Authors: Myriam Amri*, Harvard University
Topics: Africa, Urban Geography, Social Geography
Keywords: Capitalism, Tunisia, metaphors, Death, Unemployed, Youth, Anthropology, Time
Session Type: Paper
Presentation File: No File Uploaded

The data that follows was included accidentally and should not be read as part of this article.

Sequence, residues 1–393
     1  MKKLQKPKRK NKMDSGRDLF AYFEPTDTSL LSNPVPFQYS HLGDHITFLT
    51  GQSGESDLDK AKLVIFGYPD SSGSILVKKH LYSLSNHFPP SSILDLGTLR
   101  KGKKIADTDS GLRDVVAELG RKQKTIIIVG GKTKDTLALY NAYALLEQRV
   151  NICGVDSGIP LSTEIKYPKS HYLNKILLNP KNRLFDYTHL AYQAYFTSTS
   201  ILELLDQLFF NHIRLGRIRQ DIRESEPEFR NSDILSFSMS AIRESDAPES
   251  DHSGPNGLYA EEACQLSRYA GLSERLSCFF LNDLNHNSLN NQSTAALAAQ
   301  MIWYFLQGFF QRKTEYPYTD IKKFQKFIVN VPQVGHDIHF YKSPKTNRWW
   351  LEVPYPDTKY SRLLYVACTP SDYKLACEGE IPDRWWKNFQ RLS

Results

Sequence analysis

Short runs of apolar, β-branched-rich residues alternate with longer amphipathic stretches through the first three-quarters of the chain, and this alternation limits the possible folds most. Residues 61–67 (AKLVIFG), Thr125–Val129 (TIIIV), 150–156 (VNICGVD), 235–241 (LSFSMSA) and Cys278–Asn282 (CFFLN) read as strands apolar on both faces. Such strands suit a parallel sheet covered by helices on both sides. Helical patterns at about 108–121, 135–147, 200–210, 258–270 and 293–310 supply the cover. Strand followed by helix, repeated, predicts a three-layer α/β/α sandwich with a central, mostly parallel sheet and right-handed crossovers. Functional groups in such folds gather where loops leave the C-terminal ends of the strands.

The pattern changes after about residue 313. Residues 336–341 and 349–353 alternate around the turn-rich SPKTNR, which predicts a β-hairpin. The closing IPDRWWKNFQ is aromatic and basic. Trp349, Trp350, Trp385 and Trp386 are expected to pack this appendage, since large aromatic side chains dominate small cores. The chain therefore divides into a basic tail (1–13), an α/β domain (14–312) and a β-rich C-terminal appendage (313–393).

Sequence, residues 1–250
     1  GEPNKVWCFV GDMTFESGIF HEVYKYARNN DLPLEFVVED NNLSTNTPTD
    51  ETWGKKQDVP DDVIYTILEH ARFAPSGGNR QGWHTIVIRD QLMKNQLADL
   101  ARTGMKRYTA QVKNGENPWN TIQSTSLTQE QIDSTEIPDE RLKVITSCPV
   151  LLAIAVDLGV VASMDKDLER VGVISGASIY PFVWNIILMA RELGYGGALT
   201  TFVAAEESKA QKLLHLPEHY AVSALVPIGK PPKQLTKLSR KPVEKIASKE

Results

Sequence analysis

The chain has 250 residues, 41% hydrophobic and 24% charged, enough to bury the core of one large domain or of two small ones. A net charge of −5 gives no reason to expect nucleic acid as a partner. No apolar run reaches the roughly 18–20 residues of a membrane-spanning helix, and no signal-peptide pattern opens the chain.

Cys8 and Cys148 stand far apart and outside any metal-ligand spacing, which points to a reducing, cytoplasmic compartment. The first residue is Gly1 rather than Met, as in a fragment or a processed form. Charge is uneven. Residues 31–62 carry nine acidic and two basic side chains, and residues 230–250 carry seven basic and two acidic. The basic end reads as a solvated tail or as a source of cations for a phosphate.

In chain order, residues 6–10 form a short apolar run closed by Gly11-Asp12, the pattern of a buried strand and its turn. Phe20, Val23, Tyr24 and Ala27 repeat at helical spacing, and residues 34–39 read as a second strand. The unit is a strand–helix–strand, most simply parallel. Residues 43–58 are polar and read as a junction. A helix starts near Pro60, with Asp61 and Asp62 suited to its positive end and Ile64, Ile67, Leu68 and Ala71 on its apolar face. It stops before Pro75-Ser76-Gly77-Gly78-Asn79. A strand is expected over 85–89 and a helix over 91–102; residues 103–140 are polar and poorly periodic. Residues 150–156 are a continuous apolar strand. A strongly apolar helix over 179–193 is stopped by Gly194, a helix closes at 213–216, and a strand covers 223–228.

Social movements in Tunisia have fissured the narrative of an economically sound country and brought to the spotlight economic struggles especially that of unemployed educated young people. In this paper I am interested in looking at the narratives of these young unemployed educated people, through their recurrent usage of metaphors around deaths, especially that of the repeated idea of being “already dead”, being dead socially, politically, economically though still alive in a physical sense. Both in my ethnographic encounters in urban areas of Tunis or in the media, young people who identify as educated unemployed exhibit a discourse of being dead, not because they are unemployed in the absolute sense but because their labor inadequately reflects their qualifications. Through this vocabulary of death, I believe these unemployed young people reflect their exhaustion from the disconnect between their expectations and what the reality of economic dispossession has brought, but more than that, I wish to argue for a strategic usage of this vocabulary of death, which allows to suspend time. Indeed, by positing their own death, they perform themselves in contrast to the narratives of the revolution, as a re-birth of the nation, or an accelerated time for positive change, and abstract their own individual situation for collective claims to “live again". I hope to show how the entanglements of temporalities and the positioning outside of life allows these young people to make collective claims beyond Tunisia and reflect on their unchanging situation in times of late capitalism.